GCC’s creditworthiness outlook for 2019 stable


JEDDAH — The outlook for sovereign creditworthiness in the Gulf Cooperation Council (GCC) in 2019 is stable overall, reflecting Moody’s Investors Service expectations for the fundamental credit conditions that will drive sovereign credit over the next 12-18 months.

Higher oil prices during most of 2018 have reduced fiscal and external pressures in the short term. However, they also weaken the impetus for governments to diversify their fiscal bases and rein in expenditure, leaving their credit profiles exposed to phases of lower oil prices. Meanwhile, geopolitical tensions will remain a key source of risk, as well as a catalyst for rising military-related fiscal spending. Longer term, the prospect of climbing unemployment if nationalization policies do not increase job availability to match demand from nationals poses political and social risks. Moodys forecast Group of 20 leading economies to grow 2.9% in 2019 and 2.7% in 2020, slower than an estimated 3.3% in 2018. Risks to global growth stem from the impact of broadening tensions between the US and China (A1 stable), and tightening financing conditions. In November 2018, OPEC lowered its forecast for the increase in global oil demand in 2019 by 70,000 barrels to 1.29 mbpd, bringing the total demand forecast for the year to 100 mbpd. A sharper-than-expected global slowdown would weaken oil demand and weigh on prices unless production was cut further. In turn, lower oil revenue for the GCC would curb non-oil and overall GDP growth as governments would be more constrained in their ability to support their economies.

Some GCC states could delay their plans to substantially raise oil production capacity if global oil demand weakens durably, Moody’s further said.

This would weigh on the region’s medium-term growth outlook. Kuwait and the UAE have both made commitments to expand oil production capacity through major upstream investment over the next two years. Abu Dhabi National Oil Company has committed $45 billion to bringing production capacity to four mbpd by 2020 from around three mbpd currently, while Kuwait Petroleum Corporation has also committed to increasing production capacity by up to that amount over the same timeframe, from around 2.8 mbpd at present.

In 2019, with most fiscal reforms now likely behind the GCC, oil prices and production will be the major drivers of fiscal balances. Under Moody’s111 current assumptions of oil prices averaging $75 per barrel (bbl) in 2019, fiscal balances will strengthen modestly compared to 2018.

The experience of the past year, however, suggests that higher oil prices, if anything, curb appetite for reforms. Fiscal breakevens9 have not fallen much in recent years. The limited pipeline of non-oil revenue and spending rationalization measures means that the region will remain exposed to future oil price declines; the sharp drop in oil prices in the fourth quarter of 2018 serves as a reminder of the vulnerability of GCC governments’ credit profiles. Should prices stay around current levels near $60/bbl, budget deficits would be materially wider and debt likely higher than we currently project.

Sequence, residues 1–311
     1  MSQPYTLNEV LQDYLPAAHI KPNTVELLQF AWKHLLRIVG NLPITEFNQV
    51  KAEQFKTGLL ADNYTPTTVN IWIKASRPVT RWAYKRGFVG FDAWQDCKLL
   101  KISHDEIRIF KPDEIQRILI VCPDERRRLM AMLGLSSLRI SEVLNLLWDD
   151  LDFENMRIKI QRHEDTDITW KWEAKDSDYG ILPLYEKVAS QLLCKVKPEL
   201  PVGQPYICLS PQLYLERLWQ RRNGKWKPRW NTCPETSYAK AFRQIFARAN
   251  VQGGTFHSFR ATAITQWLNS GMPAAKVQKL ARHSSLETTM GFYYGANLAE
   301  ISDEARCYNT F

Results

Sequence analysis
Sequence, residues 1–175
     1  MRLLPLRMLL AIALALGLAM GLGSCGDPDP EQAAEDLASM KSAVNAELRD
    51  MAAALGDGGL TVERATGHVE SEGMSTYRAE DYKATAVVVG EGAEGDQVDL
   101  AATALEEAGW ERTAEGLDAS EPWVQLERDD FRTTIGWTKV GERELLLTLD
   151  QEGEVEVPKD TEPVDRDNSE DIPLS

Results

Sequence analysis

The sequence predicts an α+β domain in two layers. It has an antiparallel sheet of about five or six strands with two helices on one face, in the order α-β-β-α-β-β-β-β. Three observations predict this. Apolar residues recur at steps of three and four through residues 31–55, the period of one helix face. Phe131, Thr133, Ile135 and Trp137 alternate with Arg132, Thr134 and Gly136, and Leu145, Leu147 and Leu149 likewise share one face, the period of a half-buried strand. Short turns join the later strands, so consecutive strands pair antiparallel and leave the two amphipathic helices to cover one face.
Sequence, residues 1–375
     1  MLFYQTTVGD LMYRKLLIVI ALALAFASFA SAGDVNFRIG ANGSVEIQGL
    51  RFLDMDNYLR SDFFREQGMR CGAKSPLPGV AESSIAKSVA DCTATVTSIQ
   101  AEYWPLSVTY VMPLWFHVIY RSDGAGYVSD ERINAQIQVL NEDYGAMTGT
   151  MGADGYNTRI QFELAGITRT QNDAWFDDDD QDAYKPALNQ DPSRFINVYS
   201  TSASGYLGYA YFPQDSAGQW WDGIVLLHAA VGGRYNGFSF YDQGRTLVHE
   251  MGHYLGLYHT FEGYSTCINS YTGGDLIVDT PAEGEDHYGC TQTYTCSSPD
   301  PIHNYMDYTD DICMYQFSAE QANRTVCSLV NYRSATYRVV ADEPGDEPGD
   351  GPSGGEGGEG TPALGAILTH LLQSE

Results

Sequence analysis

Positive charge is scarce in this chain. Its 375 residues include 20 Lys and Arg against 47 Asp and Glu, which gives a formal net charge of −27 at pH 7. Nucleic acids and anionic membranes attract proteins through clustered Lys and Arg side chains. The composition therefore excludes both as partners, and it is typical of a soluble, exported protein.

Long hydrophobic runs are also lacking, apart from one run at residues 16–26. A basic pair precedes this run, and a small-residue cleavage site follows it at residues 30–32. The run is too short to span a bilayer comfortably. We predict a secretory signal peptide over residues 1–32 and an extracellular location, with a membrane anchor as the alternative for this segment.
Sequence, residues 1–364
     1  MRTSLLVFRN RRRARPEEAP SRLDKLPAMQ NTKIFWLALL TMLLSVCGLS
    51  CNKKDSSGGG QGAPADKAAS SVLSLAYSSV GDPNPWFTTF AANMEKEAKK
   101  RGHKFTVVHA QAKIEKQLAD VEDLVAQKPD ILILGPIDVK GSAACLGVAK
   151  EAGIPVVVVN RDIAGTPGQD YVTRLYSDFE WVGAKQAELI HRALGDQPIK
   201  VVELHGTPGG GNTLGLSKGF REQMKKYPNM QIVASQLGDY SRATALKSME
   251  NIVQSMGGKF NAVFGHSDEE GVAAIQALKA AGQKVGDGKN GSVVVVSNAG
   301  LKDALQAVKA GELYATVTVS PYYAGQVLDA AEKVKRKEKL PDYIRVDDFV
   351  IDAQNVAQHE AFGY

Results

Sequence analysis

Stalled VAT implementation is a clear indication of diminishing reform momentum. A 5% value-added tax (VAT) was due to take effect GCC-wide in January 2018, but only Saudi Arabia and the UAE implemented it on schedule. Bahrain approved the tax towards the end of 2018 and introduced it on 1 January 2019. There remains scope for Oman and Qatar to implement VAT in 2020, but the likelihood is much lower in Kuwait where parliamentary gridlock continues to obstruct the passage of legislation, and the tax has been officially delayed until 2021. Given a weak track record of policy implementation, even this deferred target may prove ambitious.

» Additional significant fiscal consolidation measures are unlikely. In Bahrain, the conditionality of financial support on fiscal steps will help to maintain reform momentum. But elsewhere, beyond VAT, excise taxes, and a few country-specific measures (see Exhibit 7), we do not expect any significant additional fiscal consolidation steps that would reduce GCC sovereigns’ vulnerability to periods of lower oil prices.10 We see remote prospects for further removal of gasoline subsidies in Kuwait. Meanwhile, slow progress on eliminating electricity and water subsidies will likely see fiscal spending in these areas rise in line with oil prices and consumption in Bahrain, Kuwait and Oman. In Saudi Arabia, the impact will be felt via lower revenue from government-related entities. Budgetary constraints in Bahrain will keep government spending tight, although fiscal targets are unlikely to be fully met. “We forecast that government spending will decline in 2019 as a ratio to GDP, mostly due to the planned civil servant voluntary retirement scheme, while implementation of the VAT and increases in domestic natural gas prices will boost revenue,” Moody’s said.

Achieving the targets of the support package agreed with its neighbors will be challenging, given the lack of track record in making large fiscal adjustments, and we expect only partial execution of the package. Nonetheless, we believe the government is committed to strengthening its fiscal position, from very weak levels, and expect it will implement a number of the planned measures. “We forecast Bahrain’s fiscal deficit to narrow to around 4.5% of GDP in 2019 from 9.1% in 2018.” Elsewhere, expenditure control will be socially and politically challenging. Already in 2018, clearance of contractor arrears and subsidy payments, alongside higher payrolls, contributed to larger-than-budgeted spending in Oman. — SG